Cardiovascular System: Principles of Flow
rate of diffusion depends on
In a circulatory system, the rate of exchande with interior celss if proportional to
rate of blood flow
To determine the flow (Q) of blood through a given resistance (R) use:
Ohm's law Q = Change (P)/ R
Mean Arterial Pressure (MAP)
Pressure on the arterial blood (typical value is 85 mmHg)
The resistance of the systemic circulation
Total Peripheral Resistance (TPR)
expressed in unit of pressure/flow or
mmHg/(ml/sec)...named peripheral resistance units (PRU)
flow of blood through the system
cardiac output (CO)
CO = MAP/TPR (note CO = SV X HR)
Two forces that fluids face when flowing through a vessel
Pressure (push) vs. Friction (slows down)
layers near wall slowly (due to friction) while layers near center quickly (due to pressure)
the resistance of a single vessel is determined by
poiseuille's law: R = 8nl/pi r^4
Factors that increase resistance
increase in vessel length (l)
increase in blood viscosity (n)
decrease in vessel radius (r)...has the most influence over resistance which is why the body manipulates it often
blood flows through each vessel in turn and must flow through all to reach the end
series resistance (has greater resistance than parallel)
blood has mucltiple possible paths it can follow to reach end
parallel resistance (has less resistance than series)
T/F: Arterioles and precapillary sphincters are the points of highest resistance int he CV system
4 factors that determine pressure
Cardiac Output (CO)
the rigidity or stretchy state of a vessel that helps determine pressure
high compliance = vessel strtchy = low pressure
low compliance = rigid vessel = high pressure
T/F: Arteries have low compliance
True...creates greater pressure
T/F: Veins have high compliance
True...hold large volumes of blood without much pressure (most of blood in body lies in systemic veins)
Capillary pressure (Pc) will be closer to venous pressure (Pv) when:
Rpost < Rpre...because most of the pressure drops during Rpre
Capillary pressure (Pc) will be closer to arterial pressure (Pa) when:
Rpost > Rpre...because there's less relative pressure drop at Rpre
If capillaries have smallest radius, why are arterioles the main site of resistance in the CV system?
because there is an increased number of capillaries which leads to greater conductances
what two key mechanisms of veins helps drive blood back to the heart?
1.venomotor tone: causes veins to contract (actually move forward through muscle pump)
2. venous valves: prevent blood from moving backwards
Why do veins need reinforcement in their walls if blood pressure is so low?
because of wall tension (T)...where T is the force that the vessel must exert to resist splitting open
use Laplace's law: T = change P x r
veins have about 140 times more wall tension than capillaries, therefor need thicker walls
why does blood flow at lower velocity in capillaries that the rest of the vascular system?
becuase of gas exchange...capillaries increase their cross sectional area in order to decrease blood velocity in order to exchange material with tissues (flow (Q) remains the same)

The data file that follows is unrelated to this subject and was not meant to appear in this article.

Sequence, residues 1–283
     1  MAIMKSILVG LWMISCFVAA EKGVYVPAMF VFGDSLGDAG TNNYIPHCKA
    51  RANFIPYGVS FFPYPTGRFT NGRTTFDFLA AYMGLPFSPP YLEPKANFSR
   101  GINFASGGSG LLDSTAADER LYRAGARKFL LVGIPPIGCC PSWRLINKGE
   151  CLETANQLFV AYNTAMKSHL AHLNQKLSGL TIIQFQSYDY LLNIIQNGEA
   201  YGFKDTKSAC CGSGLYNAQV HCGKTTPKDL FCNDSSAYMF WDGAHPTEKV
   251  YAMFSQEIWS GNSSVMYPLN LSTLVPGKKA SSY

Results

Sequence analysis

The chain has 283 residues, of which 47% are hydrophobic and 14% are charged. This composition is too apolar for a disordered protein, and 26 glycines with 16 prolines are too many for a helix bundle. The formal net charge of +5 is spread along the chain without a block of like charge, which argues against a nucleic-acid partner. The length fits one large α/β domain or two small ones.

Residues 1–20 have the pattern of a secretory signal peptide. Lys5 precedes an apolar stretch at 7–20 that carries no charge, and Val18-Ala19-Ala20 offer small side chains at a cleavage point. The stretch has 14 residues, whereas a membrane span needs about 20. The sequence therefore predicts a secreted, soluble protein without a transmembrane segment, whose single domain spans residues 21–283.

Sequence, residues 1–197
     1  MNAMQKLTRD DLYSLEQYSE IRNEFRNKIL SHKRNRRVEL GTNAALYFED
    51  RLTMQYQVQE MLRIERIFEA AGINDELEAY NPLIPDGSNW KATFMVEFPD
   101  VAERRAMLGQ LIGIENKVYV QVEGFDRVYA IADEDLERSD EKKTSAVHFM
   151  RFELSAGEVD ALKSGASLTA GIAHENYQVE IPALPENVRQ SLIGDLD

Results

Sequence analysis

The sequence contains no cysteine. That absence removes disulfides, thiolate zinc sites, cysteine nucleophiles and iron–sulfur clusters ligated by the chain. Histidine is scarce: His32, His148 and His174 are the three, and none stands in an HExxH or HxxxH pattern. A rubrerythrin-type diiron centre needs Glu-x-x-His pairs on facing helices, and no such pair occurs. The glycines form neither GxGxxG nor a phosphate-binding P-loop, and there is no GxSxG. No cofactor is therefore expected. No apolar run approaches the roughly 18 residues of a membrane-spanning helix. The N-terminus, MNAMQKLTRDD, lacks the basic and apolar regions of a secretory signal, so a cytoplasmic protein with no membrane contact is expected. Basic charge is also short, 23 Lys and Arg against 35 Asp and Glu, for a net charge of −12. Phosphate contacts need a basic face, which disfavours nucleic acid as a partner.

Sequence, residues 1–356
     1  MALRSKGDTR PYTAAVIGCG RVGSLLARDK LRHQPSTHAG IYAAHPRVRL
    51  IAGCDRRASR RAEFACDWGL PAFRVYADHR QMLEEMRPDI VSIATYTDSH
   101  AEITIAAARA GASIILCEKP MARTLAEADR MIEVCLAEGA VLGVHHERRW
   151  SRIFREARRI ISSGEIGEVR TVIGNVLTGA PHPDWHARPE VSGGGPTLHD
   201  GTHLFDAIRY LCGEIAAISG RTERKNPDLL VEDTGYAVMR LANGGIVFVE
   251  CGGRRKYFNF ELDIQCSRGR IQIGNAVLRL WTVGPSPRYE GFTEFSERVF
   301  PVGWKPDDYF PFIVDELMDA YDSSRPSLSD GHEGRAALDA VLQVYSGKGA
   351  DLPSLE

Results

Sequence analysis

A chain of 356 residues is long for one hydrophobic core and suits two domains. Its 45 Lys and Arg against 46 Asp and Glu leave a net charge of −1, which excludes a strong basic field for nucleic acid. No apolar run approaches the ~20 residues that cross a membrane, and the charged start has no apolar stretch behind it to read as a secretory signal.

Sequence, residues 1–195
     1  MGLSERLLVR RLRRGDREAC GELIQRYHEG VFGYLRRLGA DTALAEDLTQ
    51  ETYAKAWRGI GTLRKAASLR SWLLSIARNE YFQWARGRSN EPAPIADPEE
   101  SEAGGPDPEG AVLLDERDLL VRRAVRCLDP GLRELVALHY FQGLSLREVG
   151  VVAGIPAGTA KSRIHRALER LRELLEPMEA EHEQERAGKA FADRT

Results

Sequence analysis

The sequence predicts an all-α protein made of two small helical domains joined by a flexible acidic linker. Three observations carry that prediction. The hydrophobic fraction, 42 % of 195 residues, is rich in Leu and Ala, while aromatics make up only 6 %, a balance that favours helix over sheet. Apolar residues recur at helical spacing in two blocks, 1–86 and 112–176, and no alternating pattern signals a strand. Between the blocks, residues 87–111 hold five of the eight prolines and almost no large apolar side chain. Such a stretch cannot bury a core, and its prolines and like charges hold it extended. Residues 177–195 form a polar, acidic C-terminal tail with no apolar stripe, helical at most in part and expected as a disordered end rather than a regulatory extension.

what is one key result of 65% of blood volume being in the systemic veins?
serves as a blood volume reserve in case theres a sudden increased need for cardiac output
T/F: blood pressue drops continuously as it flows from arteris to capillaries to veins
the process where large proteins are actively transported across cells is known as:
transcytosis (requires a lot of energy)
the tightly sealed separtation between blood and brains tissue is:
T/F: exchange of solute in capillaries occrus mostly by diffusion
the main goal of the CV system is to maximize the exchange between blood and tissues (Ex)...what are two ways to Maximize Ex?
1. maximal difference between blood and tissue concentrations (keep nutrients high and wastes low in the blood)
2. maximal flow (Q)
What are two ways that the body maximizes cross-sectional area of flow?
short term: increase number of open capillaries
long term: grow new capillaries
what are the four forces (capillary pressure, interstitial fluid pressure, osmotic pressure of capillaries, and osmotic pressure of interstitial fluid) known as?
the Starling forces
what do the combination of all Starline forces yield?
Net Filtration Pressure (NFP)
NFP = (P(c)+Pi(if)) - (P(if)+Pi(c))
If NFP is positve, net pressure is outward and if NFP is negative, net pressure is inward
What are typical values for NFP?
arterial end= (38+0)-(1+25) equals 12 mmHG outward
venous end= (16+0)-(1+25) equals -10 mmHg inward
In regard to exchange of solutes between blood and tissue what are the forces of osmotic pressure and pressure on capillary and interstitial fluid
(Pi)c is pressure pulling water into the capillary and (Pi)if is pressure pushing water out of the capillary
Pc is pressure pushing water out fo the capillary and Pif is pressure pulling water into the capillary
the accumulate of water in lower legs and feet when standing for long periods of time is known as
a type of venous blockage caused by liver cirrhosis is known as
decreased blood protein can lead to increased water flow into tissues...this is known as